5 Days Of Strike Action By The Junior Doctors!

Frank Sweeney, WRP candidate for Garston, (left) on the picket line supporting the Junior Doctors on strike at Liverpool University Hospital

JUNIOR doctors in England yesterday embarked on a five-day strike, marking the 11th walkout in their prolonged pay dispute.

Members of the British Medical Association (BMA) ceased work from 07:00 yesterday, prompting NHS England to warn of substantial disruption to routine hospital services.
The union has stated that this action is due to the absence of a credible new offer, with the last walkout occurring in February. Although the government and BMA had agreed to independent arbitration in May, this was postponed following the announcement of the election, leading the union to call for the strike.
The BMA is demanding a 35% pay increase to compensate for 15 years of below-inflation pay rises. During this latest strike, junior doctors will withdraw from all services, with senior doctors being brought in to provide cover.
The BMA has placed the responsibility squarely on the government, criticising it for ‘not once making a credible offer’ throughout the dispute. The union has indicated its willingness to accept the 35% pay rise in phases, having initially called for it to be implemented in one go.
All major political parties, including the Conservatives, have expressed a desire to resolve the dispute if they form the next government despite not having done so in 14 years of Tory rule. However, only the Green Party has committed to meeting the demands for a 35% pay increase.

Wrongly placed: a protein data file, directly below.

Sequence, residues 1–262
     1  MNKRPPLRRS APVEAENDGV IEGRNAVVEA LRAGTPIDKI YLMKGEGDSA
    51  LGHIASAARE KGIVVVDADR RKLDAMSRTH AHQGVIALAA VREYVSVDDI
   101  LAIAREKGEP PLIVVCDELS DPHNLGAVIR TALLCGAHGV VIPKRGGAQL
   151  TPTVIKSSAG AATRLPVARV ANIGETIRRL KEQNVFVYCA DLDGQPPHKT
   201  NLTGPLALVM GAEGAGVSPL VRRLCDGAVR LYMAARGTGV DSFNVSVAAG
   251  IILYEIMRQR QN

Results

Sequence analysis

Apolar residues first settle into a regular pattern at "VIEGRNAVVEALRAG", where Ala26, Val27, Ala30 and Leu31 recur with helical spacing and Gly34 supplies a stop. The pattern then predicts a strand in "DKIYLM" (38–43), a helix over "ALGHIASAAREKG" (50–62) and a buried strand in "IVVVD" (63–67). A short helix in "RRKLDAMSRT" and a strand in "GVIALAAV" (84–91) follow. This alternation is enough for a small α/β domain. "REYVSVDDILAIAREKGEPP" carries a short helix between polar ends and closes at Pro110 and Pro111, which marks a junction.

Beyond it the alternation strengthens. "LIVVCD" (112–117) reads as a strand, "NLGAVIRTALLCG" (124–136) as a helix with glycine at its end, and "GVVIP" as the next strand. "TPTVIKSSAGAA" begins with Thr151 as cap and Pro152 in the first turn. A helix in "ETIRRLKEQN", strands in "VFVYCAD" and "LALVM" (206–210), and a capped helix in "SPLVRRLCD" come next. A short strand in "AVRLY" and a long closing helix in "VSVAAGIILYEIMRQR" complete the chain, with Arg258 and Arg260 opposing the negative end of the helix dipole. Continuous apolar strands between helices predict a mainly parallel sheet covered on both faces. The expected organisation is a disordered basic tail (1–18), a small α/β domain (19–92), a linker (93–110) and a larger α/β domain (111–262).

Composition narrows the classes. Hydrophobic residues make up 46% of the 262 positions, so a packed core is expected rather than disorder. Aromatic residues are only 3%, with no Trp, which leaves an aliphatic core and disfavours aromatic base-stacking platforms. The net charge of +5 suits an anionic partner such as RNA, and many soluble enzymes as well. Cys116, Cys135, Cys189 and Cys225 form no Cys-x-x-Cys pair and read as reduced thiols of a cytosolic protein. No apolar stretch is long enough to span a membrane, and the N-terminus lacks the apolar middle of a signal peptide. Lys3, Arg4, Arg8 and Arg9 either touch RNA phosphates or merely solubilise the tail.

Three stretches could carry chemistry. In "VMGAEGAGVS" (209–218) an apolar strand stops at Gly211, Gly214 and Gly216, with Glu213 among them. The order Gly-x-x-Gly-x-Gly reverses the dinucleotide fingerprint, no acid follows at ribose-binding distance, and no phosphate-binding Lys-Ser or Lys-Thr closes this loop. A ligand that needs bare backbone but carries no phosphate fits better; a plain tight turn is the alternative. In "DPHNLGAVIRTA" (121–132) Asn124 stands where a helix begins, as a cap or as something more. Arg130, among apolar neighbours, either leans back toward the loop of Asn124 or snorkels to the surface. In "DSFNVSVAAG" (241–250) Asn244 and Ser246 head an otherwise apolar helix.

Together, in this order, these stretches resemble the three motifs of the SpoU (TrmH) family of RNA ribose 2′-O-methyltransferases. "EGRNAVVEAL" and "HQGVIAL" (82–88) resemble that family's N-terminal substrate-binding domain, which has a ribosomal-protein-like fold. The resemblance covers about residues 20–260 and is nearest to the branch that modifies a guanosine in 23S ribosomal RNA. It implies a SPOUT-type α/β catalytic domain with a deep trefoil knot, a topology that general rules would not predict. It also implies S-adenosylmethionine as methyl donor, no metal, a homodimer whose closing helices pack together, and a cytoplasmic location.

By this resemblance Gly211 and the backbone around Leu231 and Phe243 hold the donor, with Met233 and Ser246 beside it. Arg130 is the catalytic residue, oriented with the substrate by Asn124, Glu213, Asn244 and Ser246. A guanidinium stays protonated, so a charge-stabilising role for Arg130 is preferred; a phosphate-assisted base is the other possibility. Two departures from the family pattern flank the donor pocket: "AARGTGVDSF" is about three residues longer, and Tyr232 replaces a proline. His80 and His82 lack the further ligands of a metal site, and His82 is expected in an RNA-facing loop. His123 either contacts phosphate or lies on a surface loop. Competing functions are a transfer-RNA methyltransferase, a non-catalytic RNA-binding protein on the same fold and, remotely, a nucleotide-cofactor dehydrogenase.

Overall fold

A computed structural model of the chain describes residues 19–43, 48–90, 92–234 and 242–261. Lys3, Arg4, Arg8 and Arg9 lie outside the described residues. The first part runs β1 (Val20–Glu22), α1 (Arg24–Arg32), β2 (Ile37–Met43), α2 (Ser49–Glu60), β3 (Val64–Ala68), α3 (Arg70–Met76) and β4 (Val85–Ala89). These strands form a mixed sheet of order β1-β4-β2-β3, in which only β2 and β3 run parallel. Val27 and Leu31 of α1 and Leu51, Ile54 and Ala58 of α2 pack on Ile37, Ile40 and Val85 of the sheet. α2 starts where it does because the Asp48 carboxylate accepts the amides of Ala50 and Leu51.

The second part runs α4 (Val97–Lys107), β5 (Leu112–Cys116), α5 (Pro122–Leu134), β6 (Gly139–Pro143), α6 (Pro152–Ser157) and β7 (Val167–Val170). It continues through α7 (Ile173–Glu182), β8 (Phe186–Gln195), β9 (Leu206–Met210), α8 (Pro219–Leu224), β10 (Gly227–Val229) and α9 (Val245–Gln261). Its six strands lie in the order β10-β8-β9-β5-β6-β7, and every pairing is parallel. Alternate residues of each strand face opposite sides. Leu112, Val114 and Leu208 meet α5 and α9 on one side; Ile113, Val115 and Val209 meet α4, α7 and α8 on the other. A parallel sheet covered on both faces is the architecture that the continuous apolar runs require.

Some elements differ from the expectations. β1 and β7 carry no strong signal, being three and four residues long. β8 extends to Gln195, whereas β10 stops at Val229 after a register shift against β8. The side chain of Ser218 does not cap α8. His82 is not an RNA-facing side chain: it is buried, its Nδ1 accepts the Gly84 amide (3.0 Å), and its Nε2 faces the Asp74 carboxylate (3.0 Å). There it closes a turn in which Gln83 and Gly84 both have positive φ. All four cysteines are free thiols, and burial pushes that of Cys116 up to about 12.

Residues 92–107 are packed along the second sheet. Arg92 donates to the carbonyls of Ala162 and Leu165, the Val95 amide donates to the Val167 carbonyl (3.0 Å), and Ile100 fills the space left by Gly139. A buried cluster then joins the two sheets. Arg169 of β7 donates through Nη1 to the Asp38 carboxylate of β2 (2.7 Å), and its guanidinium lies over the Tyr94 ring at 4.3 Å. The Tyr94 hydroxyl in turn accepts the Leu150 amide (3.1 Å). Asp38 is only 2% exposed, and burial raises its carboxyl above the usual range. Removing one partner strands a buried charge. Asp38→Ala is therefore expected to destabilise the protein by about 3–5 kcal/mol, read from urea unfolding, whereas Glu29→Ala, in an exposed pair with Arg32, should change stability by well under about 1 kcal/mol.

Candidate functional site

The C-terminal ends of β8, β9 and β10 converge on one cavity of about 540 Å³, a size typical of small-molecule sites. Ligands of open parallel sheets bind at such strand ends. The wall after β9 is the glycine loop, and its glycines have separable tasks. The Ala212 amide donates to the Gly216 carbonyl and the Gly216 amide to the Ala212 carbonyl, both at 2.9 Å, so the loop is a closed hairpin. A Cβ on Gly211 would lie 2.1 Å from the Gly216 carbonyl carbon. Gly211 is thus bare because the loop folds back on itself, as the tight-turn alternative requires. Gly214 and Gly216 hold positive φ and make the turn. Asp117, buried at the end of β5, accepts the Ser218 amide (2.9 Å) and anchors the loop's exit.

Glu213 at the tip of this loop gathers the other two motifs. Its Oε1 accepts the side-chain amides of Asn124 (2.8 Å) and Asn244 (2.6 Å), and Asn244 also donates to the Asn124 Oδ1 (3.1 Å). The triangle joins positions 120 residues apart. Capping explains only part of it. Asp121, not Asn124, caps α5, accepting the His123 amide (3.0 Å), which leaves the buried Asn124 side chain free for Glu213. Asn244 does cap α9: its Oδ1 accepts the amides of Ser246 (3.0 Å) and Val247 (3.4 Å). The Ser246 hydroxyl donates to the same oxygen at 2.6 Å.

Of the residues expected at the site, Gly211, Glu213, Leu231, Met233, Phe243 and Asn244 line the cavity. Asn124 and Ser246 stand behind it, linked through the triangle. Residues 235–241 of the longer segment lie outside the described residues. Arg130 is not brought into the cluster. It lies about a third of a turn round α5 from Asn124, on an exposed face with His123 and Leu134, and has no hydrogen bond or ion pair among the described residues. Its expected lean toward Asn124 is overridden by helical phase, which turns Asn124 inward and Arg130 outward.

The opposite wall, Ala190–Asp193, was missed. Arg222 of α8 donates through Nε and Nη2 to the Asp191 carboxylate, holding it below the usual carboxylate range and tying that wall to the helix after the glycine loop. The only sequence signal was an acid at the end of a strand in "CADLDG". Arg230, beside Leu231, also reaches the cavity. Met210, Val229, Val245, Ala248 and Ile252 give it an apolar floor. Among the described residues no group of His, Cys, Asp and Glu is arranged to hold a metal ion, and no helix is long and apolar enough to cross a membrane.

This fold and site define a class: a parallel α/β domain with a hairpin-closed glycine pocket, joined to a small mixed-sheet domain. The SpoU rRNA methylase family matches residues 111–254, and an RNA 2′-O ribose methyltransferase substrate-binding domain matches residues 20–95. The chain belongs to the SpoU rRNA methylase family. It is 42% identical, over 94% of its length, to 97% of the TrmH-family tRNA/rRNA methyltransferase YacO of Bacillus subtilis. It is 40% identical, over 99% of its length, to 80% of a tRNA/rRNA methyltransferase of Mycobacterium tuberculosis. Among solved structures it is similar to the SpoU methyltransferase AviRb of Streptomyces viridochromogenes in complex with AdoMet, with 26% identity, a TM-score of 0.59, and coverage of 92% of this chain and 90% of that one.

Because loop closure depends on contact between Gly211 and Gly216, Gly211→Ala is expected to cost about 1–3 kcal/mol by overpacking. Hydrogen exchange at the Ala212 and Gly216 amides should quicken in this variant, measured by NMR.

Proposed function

There was a lively picket outside St Ann’s hospital in Tottenham yesterday morning. News Line spoke to Mashal, one of the doctors. She said: ‘It’s been a year and a half and we were hoping to be somewhat further along, but pleased we did get a bit of a pay rise, more than we would have got without the strikes.
‘It’s likely to be a Labour government and Wes Streeting will be the health minister. My message to him, if you want to fix the NHS you have to address pay restoration. You will not cut waiting lists unless you have the staff.
‘The private sector only functions because the NHS trains doctors but every time private care fails the NHS exists as a safety net.’

  • Striking doctors at Royal Liverpool University Hospital warmly welcomed WRP candidate Frank Sweeney on the first day of their five day strike, in the ongoing eight month struggle to win their dispute and defend professional conditions in the NHS.

Ross Nieuwoudt, BMA Co-chair of Mersey Resident Doctors Committee, told News Line: ‘We are out on our first day with a lot of happy faces because doctors have come out to fight for what they believe in.
‘We’d rather be working. We love our jobs and giving care to our patients, but we have been pushed into a corner.
‘What other action can we possibly take when you are actually in negotiations and one side walks out!
‘It’s completely in Rishi Sunak’s power to get this strike called off. It’s not too late!
‘He just has to make a commitment to negotiating on our pay if elected.
‘It would cost him zero pennies, but he is prioritising optics and politics, over doctors, patients and the NHS.
‘That is disgraceful and the reason we have come out on strike! Any support from other workers is very much welcome. We are all patients and we are all responsible to support this strike and the NHS and get things sorted.’
Rona Ayee, Anaesthetist, said: ‘Over the decades our pay has deteriorate. This  strike is also about the attempts to denigrate our profession. We are valued less as a highly trained and experienced workforce.
‘HR (Human Resources) is mishandling the NHS and the impact of the role of Physician Associates is having. It’s a tool that can be used to denigrate doctors by suggesting that all you need to do is “google a diagnosis”.
‘Our strike is in opposition to that. It’s creeping privatisation.
‘I think a general strike would be a good step forwards to the big changes that are needed.
‘Getting the Tories out will create a lot of positivity, but I’m sure any incoming Labour government try to quash it. However, the  BMA is a lot more hawkish than it was last time.’